See then, upon the whole, how little reason we have to repine at the fall of our first parent, since herefrom we may derive such unspeakable advantages, both in time and eternity. See how small pretense there is for questioning the mercy of God in permitting that event to take place, since therein, mercy, by infinite degrees, rejoices over judgment! Where, then, is the man that presumes to blame God for not preventing Adam’s sin? Should we not rather bless Him from the ground of the heart, for therein laying the grand scheme of man’s redemption, and making way for that glorious manifestation of His wisdom, holiness, justice, and mercy? If indeed God had decreed before the foundation of the world that millions of men should dwell in everlasting burnings, because Adam sinned, hundreds or thousands of yours before they had a being, I know not who could thank him for this, unless the devil and his angels: seeing, on this supposition, all those millions of unhappy spirits would be plunged into hell by Adam’s sin, without any possible advantage from it. But, blest be God, this is not the case. Such a decree never existed. On the contrary, every one born of a woman may be an unspeakable gainer thereby; and none ever was or can be a loser, but by his own choice.
We see here a full answer to that plausible account “of the origin of evil,” published to the world some years since, and supposed to be unanswerable: that it “necessarily resulted from the nature of matter, which God was not able to alter.” It is very kind in this sweet-tongued orator to make an excuse for God! But there is really no occasion for it: God hath answered for Himself. He made man in His own image, a spirit endued with understanding and liberty. Man abusing that liberty, produced evil, brought sin and pain into the world. This God permitted, in order to a fuller manifestation of His wisdom, justice, and mercy, by bestowing on all who would receive it an infinitely greater happiness than they could possibly have attained if Adam had not fallen.
“Oh, the depth of the riches both of the wisdom and knowledge of God!” Altho a thousand particulars of His judgments, and of His ways are unsearchable to us, and past our finding out, yet we may discern the general scheme running through time into eternity. “According to the council of his own will,” the plan He had laid before the foundation of the world, He created the parent of all mankind in His own image. And He permitted all men to be made sinners by the disobedience of this one man, that, by the obedience of One, all who receive the free gift may be infinitely holier and happier to all eternity!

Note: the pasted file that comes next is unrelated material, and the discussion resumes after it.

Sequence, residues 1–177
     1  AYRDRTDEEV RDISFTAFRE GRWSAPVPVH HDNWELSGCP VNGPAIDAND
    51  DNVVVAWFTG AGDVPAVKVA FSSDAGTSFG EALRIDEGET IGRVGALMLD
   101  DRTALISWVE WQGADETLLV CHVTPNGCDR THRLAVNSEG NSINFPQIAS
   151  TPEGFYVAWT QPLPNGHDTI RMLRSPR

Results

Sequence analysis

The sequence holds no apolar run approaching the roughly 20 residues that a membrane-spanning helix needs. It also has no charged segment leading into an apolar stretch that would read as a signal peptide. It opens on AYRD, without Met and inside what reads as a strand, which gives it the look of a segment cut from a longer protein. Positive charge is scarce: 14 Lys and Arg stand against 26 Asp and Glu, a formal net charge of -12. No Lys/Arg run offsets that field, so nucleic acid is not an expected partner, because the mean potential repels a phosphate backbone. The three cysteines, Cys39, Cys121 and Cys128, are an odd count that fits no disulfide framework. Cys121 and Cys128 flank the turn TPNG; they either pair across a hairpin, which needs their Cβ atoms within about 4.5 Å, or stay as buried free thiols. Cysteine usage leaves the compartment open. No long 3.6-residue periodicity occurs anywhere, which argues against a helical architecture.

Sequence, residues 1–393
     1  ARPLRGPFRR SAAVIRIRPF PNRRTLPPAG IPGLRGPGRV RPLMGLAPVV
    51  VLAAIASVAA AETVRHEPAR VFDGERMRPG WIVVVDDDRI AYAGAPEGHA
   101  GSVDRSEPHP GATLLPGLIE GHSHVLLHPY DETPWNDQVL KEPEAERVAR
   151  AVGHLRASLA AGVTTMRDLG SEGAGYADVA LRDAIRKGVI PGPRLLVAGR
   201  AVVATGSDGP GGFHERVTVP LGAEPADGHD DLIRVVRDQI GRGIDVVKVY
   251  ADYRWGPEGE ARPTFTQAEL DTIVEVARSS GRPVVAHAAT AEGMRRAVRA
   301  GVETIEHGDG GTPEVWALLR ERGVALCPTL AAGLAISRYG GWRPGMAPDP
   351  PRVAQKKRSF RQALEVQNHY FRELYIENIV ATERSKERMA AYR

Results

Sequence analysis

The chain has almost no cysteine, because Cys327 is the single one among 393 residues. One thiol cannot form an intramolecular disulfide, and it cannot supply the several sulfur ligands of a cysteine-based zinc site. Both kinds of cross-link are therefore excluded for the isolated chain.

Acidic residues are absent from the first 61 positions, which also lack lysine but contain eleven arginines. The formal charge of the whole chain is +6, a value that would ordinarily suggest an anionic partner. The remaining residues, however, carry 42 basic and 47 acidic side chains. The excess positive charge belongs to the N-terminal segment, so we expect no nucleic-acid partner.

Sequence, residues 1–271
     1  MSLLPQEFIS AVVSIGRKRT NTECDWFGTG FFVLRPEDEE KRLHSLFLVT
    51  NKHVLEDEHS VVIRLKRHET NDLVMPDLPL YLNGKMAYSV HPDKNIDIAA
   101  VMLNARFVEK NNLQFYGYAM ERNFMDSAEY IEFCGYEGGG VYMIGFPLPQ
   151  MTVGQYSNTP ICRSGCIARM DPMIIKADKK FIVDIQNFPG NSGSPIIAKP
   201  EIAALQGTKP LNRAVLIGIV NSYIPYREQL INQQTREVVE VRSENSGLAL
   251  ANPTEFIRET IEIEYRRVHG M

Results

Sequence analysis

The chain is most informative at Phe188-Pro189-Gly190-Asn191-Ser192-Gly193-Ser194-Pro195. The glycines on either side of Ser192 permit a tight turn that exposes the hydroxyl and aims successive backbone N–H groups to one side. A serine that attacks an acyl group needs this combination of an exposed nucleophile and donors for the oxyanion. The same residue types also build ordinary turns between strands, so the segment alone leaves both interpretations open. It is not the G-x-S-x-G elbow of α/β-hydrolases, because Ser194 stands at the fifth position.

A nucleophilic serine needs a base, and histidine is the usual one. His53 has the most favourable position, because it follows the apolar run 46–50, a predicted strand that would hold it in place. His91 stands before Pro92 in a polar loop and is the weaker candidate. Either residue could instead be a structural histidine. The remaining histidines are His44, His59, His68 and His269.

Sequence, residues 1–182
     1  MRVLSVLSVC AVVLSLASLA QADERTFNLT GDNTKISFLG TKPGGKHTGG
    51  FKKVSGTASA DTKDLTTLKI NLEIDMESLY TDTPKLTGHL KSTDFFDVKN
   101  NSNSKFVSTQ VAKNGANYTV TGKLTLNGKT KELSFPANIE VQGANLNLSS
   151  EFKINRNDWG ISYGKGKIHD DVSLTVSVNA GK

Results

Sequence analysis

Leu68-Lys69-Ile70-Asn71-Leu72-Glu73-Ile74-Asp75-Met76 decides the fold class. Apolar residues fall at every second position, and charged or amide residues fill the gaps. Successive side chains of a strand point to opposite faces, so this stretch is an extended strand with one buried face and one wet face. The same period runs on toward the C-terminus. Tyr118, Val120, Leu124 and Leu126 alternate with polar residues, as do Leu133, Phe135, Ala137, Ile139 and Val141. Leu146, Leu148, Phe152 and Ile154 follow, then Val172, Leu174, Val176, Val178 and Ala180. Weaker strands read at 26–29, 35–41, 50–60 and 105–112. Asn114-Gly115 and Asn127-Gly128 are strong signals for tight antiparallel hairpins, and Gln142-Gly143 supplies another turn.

John Wesley was born at Epworth rectory in Lincolnshire, England, in 1703. He was educated at Charterhouse school and in 1720 entered Christ Church College, Oxford, where he graduated in 1724. He was noted for his classical taste as well as for his religious fervor, and on being ordained deacon by Bishop Potter, of Oxford, he became his father’s curate in 1727. Being recalled to Oxford to fulfil his duties as fellow of Lincoln he became the head of the Oxford “Methodists,” as they were called. He had the characteristics of a great general, being systematic in his work and a lover of discipline, and established Methodism in London by his sermons at the Foundery. His speaking style suggested power in repose. His voice was clear and resonant, his countenance kindly, and his tone extremely moderate. His sermons wore carefully written, altho not read in the pulpit. They moved others because he was himself moved. At an advanced age he preached several times a day, and traveled many miles on horseback. At seventy years of age he had published thirty octavo volumes. He composed hymns on horseback, and studied French and mathematics in spare hours, and was never a moment idle until his death, in 1791.